> intent is for the column to be VARCHAR. The analyzer should be able to infer 
> that column type without you telling Drill this fact. As far as I know, this 
> addition is not yet part of the schema system plan, but would be a nice 
> additional tweak.
> Thanks,
> - Paul
>     On Sunday, September 15, 2019, 4:22:48 AM PDT, Sebastian Fischmeister 
> <> wrote:  
>  While it's possible to test for 'is not null', you actually cannot query the 
> tag, because it provides an system error due to the optimizer doing its job. 
> Take this query as example:
> SELECT  mytag
> FROM dfs.`/bla/*/*` 
> WHERE mytag is not null and mytag = 'hello'
> Some files contain "mytag", others don't.
> The query works with just the clause 'mytag is not null', because all json 
> files missing mytag will get mytag set to null, which is type compatible with 
> the filter clause. However it actually does not work with "mytag is not null 
> and mytag = 'hello'" because I get the following error for files where mytag 
> is not present.
> SYSTEM ERROR: NumberFormatException: hello
> The physical plan shows that the query optimizer removes the clause 'mytag is 
> not null', because it's redundant. However, it comes at the expense of not 
> being able to query tags that are not present in all files.
> Is there a way to outsmart the optimizer and first execute a filter on "mytag 
> is not null" before "mytag = 'hello'" in a single query?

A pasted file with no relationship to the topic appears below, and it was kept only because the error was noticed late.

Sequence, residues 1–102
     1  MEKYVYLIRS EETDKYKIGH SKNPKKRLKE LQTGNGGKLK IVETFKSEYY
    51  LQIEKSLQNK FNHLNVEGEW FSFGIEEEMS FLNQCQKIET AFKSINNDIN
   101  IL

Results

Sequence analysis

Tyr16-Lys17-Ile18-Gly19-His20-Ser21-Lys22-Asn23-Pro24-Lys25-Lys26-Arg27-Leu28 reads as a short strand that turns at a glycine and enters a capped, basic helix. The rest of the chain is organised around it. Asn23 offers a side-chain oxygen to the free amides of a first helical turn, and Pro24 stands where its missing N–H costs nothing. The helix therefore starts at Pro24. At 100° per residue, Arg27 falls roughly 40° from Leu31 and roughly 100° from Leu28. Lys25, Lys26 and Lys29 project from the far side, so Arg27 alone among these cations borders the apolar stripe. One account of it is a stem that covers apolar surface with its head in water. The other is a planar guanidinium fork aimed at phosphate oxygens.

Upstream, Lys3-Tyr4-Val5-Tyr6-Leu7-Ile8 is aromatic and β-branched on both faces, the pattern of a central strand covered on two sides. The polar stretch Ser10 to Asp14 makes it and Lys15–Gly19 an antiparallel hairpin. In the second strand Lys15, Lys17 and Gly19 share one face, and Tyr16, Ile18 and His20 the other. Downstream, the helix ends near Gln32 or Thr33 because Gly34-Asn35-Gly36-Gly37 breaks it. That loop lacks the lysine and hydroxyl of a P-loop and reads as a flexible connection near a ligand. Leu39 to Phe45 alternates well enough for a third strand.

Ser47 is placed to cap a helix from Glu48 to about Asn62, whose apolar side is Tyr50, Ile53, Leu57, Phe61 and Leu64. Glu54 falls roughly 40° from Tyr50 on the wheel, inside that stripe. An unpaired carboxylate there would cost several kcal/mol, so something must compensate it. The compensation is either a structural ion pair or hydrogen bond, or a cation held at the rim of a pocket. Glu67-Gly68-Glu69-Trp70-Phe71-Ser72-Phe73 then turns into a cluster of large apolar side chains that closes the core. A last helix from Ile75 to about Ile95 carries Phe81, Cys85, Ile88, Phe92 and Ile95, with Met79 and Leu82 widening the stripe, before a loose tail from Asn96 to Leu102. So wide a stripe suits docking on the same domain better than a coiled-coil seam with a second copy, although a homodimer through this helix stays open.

>   Sebastian
> Ted Dunning <> writes:
>> Keep in mind the danger if testing Foo!=null. That doesn't work and catches
>> me by surprise all the time. Foo is null and variants are what you need.
>> On Sat, Sep 14, 2019, 4:56 PM hanu mapr <> wrote:
>>> Hello Sebastian,
>>> By default Drill sets the field 'foo' to null for the files that don't
>>> contain it. I am of the opinion that the condition where foo = 'bar' should
>>> result in false for all those files which don't contain the field.
>>> Please can you send across the queries which you have run and the observed
>>> result.
>>> Just off the top of my head, some query like the below one might work
>>> select file_name from dfs.`/bla/*/*` where foo != null. --- You might want
>>> to remove duplicate entries. (of course this also results in the rows which
>>> contain the field and are null).
>>> Hope this helps.
>>> Thanks
>>> On Fri, Sep 13, 2019 at 10:53 PM Sebastian Fischmeister <
>>>> wrote:
>>> > Hi,
>>> >
>>> > When searching multiple directories, drill only searches fields that are
>>> > common to all files (see the json data model). Is there a way to query a
>>> > directory and list all files that contain a certain field?
>>> >
>>> > In other words, I would like to use the workaround in this way:
>>> >
>>> > select * from (select fqn from dfs.`/bla/*/*` where foo exists) where foo
>>> > = 'bar'
>>> >
>>> > Or is there another way to do this? I dynamically get more files, so
>>> > finding the files should be included in the query.
>>> >
>>> > An alternative would be to execute the query such that it sets the field
>>> > 'foo' to null for all files that don't contain it. However, I don't know
>>> > how to execute this.
>>> >
>>> > Thanks,
>>> >  Sebastian
>>> >